In part one of the "A Tale of Two Virtues"  I lauded how Fantasy Flight Games through the fate mechanic, simplified a desperately muddled and complicated game while also keeping the essence of that game alive. While I stand by this, it's not entirely true for every area of the game. On the surface the new honor-bargaining card draw mechanic may appear simple, but the more you scratch the surface the more you understand how tricky it's going to be! To begin exploring this, let's look at the card draw step.
  1. Each player secretly selects a number between one and five on their honor dial.
  2. Each player reveals their selection.
  3. The player who selected the higher number gives their opponent an amount of honor equal to the difference between the two selected numbers. If both players selected the same number, no honor is exchanged.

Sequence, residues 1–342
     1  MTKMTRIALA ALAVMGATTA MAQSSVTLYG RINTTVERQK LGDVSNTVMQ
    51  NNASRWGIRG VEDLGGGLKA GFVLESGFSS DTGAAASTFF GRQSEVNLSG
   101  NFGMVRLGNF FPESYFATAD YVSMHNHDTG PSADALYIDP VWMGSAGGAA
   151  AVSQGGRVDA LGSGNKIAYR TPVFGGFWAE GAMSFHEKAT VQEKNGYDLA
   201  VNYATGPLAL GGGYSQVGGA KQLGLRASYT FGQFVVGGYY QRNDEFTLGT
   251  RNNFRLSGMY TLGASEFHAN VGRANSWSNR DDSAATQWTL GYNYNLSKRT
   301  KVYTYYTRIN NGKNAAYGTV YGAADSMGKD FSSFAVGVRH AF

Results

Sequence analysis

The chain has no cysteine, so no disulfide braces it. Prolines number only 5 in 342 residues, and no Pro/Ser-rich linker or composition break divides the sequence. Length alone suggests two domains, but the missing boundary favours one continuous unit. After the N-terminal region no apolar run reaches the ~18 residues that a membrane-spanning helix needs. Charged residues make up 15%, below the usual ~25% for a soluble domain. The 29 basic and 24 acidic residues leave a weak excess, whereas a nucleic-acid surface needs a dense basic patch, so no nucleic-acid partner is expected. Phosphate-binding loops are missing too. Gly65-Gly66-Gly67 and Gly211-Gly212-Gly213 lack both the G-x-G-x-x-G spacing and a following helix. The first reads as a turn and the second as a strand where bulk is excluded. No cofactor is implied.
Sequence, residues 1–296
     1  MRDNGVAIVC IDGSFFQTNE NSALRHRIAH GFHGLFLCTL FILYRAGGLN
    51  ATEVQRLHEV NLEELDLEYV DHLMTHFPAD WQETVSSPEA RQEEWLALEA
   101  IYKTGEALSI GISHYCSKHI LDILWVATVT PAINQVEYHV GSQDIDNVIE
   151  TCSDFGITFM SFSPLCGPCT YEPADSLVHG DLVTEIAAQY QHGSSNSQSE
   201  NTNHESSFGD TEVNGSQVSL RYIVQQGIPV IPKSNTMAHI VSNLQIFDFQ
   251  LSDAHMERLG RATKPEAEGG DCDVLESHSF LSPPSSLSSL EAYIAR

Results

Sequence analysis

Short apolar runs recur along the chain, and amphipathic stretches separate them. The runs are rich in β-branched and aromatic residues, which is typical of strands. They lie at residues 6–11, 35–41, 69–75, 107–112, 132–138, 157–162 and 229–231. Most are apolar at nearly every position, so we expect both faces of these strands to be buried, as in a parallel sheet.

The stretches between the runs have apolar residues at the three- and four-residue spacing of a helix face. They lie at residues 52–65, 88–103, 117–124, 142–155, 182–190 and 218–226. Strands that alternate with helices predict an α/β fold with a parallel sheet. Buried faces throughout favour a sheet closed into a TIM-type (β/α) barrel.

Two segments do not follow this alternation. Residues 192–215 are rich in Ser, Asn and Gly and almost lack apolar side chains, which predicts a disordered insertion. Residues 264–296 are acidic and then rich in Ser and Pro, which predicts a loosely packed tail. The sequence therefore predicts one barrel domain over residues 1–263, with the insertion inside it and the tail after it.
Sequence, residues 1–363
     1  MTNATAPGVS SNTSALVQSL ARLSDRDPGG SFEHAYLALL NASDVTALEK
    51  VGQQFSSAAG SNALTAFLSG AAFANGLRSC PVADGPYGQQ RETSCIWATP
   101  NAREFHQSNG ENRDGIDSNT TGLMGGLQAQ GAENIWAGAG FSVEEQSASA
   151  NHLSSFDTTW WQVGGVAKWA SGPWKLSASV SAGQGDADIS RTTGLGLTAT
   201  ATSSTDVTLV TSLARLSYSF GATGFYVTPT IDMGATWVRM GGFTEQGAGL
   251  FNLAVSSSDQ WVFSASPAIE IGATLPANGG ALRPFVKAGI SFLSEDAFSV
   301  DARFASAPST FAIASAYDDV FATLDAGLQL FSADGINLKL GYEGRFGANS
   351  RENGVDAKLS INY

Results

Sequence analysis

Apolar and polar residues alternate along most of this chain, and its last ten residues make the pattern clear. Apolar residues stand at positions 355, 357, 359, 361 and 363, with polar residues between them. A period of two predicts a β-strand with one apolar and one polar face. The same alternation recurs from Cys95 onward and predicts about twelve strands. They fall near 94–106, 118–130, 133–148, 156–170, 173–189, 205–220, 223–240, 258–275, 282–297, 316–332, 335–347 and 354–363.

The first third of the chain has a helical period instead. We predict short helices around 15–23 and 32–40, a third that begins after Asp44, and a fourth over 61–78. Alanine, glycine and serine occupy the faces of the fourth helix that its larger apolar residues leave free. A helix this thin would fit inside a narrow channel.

4. Each player draws a number of cards from their conflict deck equal to the number they selected on their honor dial.

Bayushi Saya Illus.Michael Komarck

A liar knows that truth is far more dangerous than shadowed knives. - Bayushi Goshiu

Traditionally in card games, players have access to a steady flow of card draw either at the start/end of a turn, or as a fixed action. However, In the L5R LCG the players themselves decide how many cards they want to draw each turn, bidding a number between 1 and 5. Sounds great right? Not so fast, there's a catch! Each card you draw above 1 has potential to cause a 2 point honor swing, forcing you to transfer 1 honor from your pool to the opponents. This ensures that honor is an important consideration for every turn of the game no matter what kind of deck you're playing. 

At first this mechanic may take some getting used to as it's rather unique, however it provides a few interesting slants to the game. Firstly, it's a great vehicle for allowing players to express their own particular play styles. A riskier player is going to try and play their opponent when bidding honor rather than making a more mechanical decision, while a conservative player will be far more careful with how much honor they bid, perhaps choosing a value based on the minimum number of cards necessary to achieve victory.